Figure 2: Patients’ outcome with acute poisoning who presented to JUSH from January 1, 2010 to January 1, 2015.

Discussion

Poisoning continues to be an important health problem. Epidemiological data on this important health issue is scarce in Ethiopia. The retrospective analysis of 236 patient’s medical records presented with poisoning to JUSH revealed that 78.9% of patients age ranged from 12-30 years and 10.6% were under 5 years old children. Females outnumbered males accounting for 65.4% of all cases. The same study was done at South Africa and Tikur Anbessa Specialized Hospital (TASH) shows with a female predominance of 57.8%, 55.7% respectively. About 76.92% of cases were intentional exposures. Household cleaning agents were the leading causes of poisoning (40.4%) followed by Organophosphates (24%), hydrocarbons (2.9%) and CO (4.7%). A study done at Gondar University showed organophosphates (70%) were a common cause. Most of the above results are comparable with the results of a study done at TASH from January 2007 to December 2008 [13].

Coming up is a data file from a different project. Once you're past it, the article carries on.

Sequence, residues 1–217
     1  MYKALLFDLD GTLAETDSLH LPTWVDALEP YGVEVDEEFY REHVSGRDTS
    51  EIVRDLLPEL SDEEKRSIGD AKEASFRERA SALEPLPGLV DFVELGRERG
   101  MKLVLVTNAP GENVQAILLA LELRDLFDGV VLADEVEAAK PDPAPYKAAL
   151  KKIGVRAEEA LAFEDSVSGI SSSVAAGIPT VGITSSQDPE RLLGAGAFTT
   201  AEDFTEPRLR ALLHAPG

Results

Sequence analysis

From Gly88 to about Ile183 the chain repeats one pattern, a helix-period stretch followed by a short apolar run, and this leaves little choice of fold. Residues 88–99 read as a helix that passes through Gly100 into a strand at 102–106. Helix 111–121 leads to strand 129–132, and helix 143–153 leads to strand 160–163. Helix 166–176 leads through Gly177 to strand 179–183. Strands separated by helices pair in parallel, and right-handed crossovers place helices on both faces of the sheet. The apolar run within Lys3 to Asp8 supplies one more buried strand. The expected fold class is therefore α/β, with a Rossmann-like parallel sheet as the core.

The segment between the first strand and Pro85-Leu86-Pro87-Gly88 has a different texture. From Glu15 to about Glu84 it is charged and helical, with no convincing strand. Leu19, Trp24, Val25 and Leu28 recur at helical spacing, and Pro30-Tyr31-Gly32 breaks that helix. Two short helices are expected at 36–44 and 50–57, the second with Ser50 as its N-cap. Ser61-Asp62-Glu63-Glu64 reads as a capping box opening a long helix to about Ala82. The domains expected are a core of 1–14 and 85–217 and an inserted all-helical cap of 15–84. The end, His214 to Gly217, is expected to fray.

Almost all exposures (94.2%) were through oral route and only 39.42% patients arrived at the hospital within one hour of exposure but most (56.7%) arrived within 1-24 h. Simultaneous vomiting and epigastric pain, vomiting only, epigastric pain only and altered level of consciousness were the common presenting features accounting for 31.7%, 19.2%, 10.6%, and 12.5% respectively.